Owned and maintained by natural people, this repeater takes from the main repeater and relays traffic to the actual towers. Usually supplied with a 1 gigabit connection to the main repeater
The actual tower
This is where the end user would get his connectivity. Usually connected via a wireless bridge or fibre. Also usually 1 gigabit with the exception of wireless bridges.
As you might have noticed, since our infrastructure is so horrible (It doesn’t even exist), It’s pretty much a community effort. So this begs the question, how does your data reach the ISP?
[ You ] <-> [ Your Router ] <-> [ Your CPE (Nanostation or whatever) ] <-> [ Tower's sector ] <-> [ Tower's "router" ] <-> [ Sub Repeater ] <-> [ Main Repeater ] <-> [ Internet ]
Remember the bullet points stating actual towers and sub repeaters usually get either a gigabit connection or a wireless bridge that craps itself half the time? Well, since this is unlimited speed and there’s no bandwidth control… 1 or 2 users that are connected well can not only bring the tower down, but also the sub repeater. A dozen well connected users can bring down the main repeater. Did I mention since this is unlimited, it effectively means I can launch my own DoS attacks for just 15000 IQD? Very handy.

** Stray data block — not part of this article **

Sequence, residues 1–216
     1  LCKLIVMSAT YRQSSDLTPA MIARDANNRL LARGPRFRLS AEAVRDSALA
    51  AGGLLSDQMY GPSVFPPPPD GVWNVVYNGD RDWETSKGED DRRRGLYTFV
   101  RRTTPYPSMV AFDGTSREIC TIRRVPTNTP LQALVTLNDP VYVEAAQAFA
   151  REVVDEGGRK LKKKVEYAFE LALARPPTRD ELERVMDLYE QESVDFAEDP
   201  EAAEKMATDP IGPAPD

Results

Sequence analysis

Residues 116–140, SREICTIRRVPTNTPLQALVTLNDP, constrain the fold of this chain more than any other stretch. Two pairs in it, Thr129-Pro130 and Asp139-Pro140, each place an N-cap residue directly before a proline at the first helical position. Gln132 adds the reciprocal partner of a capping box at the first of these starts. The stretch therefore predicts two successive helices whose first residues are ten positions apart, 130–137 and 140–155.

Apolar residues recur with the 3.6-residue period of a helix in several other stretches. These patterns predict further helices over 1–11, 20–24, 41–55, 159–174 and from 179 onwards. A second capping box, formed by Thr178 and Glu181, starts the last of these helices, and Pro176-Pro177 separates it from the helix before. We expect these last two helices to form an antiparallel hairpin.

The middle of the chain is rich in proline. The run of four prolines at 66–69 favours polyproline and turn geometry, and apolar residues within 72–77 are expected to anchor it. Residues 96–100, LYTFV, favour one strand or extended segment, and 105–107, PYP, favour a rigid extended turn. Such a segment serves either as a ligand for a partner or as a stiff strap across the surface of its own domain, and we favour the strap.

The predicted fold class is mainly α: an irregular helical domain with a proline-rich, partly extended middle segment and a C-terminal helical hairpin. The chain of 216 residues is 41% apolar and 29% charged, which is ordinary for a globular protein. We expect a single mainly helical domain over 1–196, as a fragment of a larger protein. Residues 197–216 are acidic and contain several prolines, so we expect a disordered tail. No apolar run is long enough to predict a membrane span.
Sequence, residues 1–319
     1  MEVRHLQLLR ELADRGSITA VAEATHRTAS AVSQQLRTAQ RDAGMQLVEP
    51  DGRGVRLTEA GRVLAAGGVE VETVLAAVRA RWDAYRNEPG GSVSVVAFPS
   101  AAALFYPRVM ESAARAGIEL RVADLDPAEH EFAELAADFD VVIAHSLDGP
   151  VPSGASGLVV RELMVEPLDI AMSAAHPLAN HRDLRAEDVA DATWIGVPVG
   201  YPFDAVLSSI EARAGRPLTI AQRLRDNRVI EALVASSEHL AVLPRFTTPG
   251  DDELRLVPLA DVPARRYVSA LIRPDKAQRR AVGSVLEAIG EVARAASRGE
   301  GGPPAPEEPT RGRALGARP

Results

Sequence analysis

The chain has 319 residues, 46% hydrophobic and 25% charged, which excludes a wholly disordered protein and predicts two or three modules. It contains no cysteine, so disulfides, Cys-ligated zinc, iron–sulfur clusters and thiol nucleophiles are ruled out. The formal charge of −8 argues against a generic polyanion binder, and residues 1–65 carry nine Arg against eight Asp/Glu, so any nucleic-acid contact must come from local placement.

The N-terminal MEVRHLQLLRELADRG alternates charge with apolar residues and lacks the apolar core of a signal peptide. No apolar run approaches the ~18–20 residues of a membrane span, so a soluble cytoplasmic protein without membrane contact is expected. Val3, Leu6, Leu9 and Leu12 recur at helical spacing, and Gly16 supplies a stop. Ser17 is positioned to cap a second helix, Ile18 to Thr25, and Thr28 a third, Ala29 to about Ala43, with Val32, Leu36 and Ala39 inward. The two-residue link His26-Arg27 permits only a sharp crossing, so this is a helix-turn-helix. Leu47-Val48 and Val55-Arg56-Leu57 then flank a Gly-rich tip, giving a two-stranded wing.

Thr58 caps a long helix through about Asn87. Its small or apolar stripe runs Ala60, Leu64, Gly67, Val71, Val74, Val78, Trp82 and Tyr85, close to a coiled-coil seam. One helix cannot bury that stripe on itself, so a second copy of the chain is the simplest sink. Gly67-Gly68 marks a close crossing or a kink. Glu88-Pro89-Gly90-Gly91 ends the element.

Obviously, and rightfully so, tower owners are panicking right now. This decision will cripple the infrastructure even more. And if you haven’t figured it out already, you’ll get the max speed of the least powerful link in the chain. As in, for example, if the sub repeater is at capacity then no matter if you have the best router, best connectivity and the tower has the absolute best hardware possible.. You’ll still get insanely bad speeds.
So.. To recap!
- This is a disaster and an absolutely bad idea.
- This is more expensive than the previous subscription model. The speeds will be worse for the average user as well.
- Your router is gonna choke by the amount of throughput it has to forward.
- If your router is up to the task, your CPE is gonna struggle forwarding to the tower’s basestations due to noise or someone else hogging the bandwidth
- Cleared all those? Good for you. Now the tower’s 1 gigabit connection is likely saturated.
- Tower is fine? Have you checked the sub repeater to see if another tower isn’t hogging their bandwidth?
- If you suddenly see fire in your neighbourhood, it’s likely the ISP’s main repeater catching fire.